This is Jim (Condict) Grace, the author. I just saw this post. I'm sorry to hear that Middlebury may have lost their copy. I'm not sure where mine is, but I'll keep an eye out for it. (It may be at a family house 1,000 miles away but I'll look for it at Christmas when I visit.) If I find it, I'll scan and post it somewhere, and I'll comment again here with a link for it. As far as I know there is no existing soft copy. I typed it originally on Middlebury's timesharing academic computer but I long since lost my ability to read the mag tape reel backup -- and subsequently parted with the tape.

When I finished the thesis I sent another hard copy as a courtesy to Peter Hagis Jr. at Temple U., since he and McDaniel had done the research on which I based my work. Hagis subsequently cited my work in a published paper, and it may be that others have just copied this citation without seeing the original.

The main innovation in my thesis over previous work is that I wrote a FORTRAN program to automate some of the algebraic manipulations that had previously been done by hand, making it practical to extend the previous result upwards. It still took several months on Middlebury's academic 16-bit PDP11-45 computer to finish all the computations. I managed to install the program to start as a low-priority background job whenever the computer restarted, and I programmed it to pick up from where it had left off.

If you have any other questions about the thesis, let me know and I *might* be able to answer them. :) Cheers, Jim

My answer to Arnie Dris's question below is too long to be entered as a comment, so I'm putting it here:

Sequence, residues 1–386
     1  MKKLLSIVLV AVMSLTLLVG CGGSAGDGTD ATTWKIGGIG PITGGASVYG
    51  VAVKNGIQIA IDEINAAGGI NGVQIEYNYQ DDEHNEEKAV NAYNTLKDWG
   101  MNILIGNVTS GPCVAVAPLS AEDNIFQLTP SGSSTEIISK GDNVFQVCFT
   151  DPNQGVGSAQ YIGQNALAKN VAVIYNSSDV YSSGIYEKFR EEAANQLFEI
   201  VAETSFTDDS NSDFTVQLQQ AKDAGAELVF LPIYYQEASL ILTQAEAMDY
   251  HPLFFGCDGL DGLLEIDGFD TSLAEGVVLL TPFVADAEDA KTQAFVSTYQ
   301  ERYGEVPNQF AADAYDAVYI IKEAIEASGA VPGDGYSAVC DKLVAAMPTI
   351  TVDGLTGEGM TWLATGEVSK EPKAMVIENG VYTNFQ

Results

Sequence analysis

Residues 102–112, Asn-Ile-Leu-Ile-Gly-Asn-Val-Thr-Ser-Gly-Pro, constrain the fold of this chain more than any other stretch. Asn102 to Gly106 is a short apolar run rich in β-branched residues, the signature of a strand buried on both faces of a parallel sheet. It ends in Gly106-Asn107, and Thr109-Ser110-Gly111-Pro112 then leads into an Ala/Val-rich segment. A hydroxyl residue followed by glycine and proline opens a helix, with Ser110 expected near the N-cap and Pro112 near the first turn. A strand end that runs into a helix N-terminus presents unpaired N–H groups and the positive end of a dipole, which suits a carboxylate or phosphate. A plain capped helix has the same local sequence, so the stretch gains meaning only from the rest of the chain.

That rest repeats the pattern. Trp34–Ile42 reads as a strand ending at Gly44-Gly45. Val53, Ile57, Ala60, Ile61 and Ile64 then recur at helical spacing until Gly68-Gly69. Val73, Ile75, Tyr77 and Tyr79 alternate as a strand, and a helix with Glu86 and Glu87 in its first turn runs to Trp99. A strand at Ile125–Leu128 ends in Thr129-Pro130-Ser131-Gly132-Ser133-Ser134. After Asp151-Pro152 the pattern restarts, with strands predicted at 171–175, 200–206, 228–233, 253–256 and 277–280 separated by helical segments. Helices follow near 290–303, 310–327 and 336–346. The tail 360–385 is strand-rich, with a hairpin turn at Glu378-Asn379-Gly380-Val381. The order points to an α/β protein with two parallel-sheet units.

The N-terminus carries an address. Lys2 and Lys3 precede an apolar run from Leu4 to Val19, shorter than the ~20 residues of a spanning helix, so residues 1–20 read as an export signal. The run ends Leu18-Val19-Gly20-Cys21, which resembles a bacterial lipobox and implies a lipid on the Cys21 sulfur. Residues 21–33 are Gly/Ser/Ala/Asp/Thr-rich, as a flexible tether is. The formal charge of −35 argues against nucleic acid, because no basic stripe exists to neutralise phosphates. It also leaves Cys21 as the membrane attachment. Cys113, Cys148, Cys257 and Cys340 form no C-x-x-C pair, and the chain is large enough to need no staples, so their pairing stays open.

I'm happy to help as I am able, although I've spent the 35 years since my BA thesis as a software developer and my number theory is a bit rusty! Also I don't have access to my thesis, or immediate access to the prior work it was based on. But I may still be able to answer your questions. The number theory part of my work was as explained by Peter Hagis Jr. and Wayne L. McDaniel in "On the largest prime divisor of an odd perfect number." II, Math. Comp. 29 (1975), 922–924. I did not attempt to add or subtract from the number theory analysis they had done. My only innovation was to automate by computer some of the algebra they had done by hand, which made it more practical to get a higher result.

My memory of this is a bit fuzzy, but I seem to recall that there were two rather tedious steps in the proof. The first involved some algebraic manipulations which Hagis and McDaniel did by hand and I did by computer. The second involved some more straightforward computations which they did by computer and so did I. If you have access to their paper, I expect that you will see what I mean as you read it. If this doesn't make sense on reading their paper, please let me know. I do live near a college that I expect would have the Mathematics of Computation, so I could go and reread their article. It might help to improve my memory! ;) Cheers, Jim